Huffpost Latino Voices

1990s Rockers You Didn't Know Were Latino (SLIDESHOW)

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1990s Rockers You Didn't Know Were Latino
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Everyone wants a chunk of the $1 trillion Latino market these days. Latino votes are in high demand.

But it's not as if Latinos weren't around back in the 1990s, when fewer people cared who we were. And we weren't only listening to salsa, bachata and norteño either. Latinos played key roles in some of the most prominent rock acts of the 1990s, when grunge, alternative, and metal ruled the airwaves and MTV determined bands' commercial viability.

It shouldn't be surprising. California and New York -- home to massive Latino communities with long histories in the area -- were two of the major centers where the industry cultivated its talent.

Still, some identify with their Latino roots more than others. Rage Against the Machine's Zack de la Rocha penned the Chicano anthem "People of the Sun" and lashed out at U.S. imperialism in Nicaragua in "Vietnow." Guitarist Dave Navarro of Jane's Addiction and the Red Hot Chili Peppers, on the other hand, said he grew up removed from Spanish. Instead, he told NBC Latino in an interview that he's "just as influenced by the hip-hop culture as I am Latino culture as I am by the rock and tattooing culture. I honestly look at myself as a living entity on planet earth."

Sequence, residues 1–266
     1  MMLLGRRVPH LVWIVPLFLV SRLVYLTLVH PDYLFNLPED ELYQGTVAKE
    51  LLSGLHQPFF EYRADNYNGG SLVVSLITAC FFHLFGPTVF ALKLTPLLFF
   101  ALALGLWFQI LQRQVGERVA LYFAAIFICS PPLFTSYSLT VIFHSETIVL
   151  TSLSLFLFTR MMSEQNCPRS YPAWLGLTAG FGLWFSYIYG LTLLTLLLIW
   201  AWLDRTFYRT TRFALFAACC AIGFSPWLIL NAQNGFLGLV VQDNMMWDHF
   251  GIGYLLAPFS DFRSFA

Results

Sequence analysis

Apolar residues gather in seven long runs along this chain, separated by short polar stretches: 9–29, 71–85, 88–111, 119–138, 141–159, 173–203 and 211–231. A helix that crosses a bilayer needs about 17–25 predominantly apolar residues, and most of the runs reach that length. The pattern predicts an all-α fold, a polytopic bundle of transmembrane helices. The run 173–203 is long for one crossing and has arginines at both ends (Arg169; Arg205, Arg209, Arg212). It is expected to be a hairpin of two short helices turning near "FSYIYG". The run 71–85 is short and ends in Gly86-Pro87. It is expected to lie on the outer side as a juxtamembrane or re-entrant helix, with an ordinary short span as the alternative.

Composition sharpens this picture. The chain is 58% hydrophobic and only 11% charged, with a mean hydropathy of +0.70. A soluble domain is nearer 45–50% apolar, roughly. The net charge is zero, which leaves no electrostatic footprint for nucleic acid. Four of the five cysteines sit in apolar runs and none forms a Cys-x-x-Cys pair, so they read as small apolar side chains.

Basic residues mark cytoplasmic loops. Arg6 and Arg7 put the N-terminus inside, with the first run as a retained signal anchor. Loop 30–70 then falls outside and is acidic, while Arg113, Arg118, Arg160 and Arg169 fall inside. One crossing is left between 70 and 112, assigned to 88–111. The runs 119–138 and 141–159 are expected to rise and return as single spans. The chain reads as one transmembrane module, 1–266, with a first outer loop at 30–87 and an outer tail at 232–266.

Whatever role their culture played in their music, check out these 7 Latino rockers from the 1990s in the slideshow above.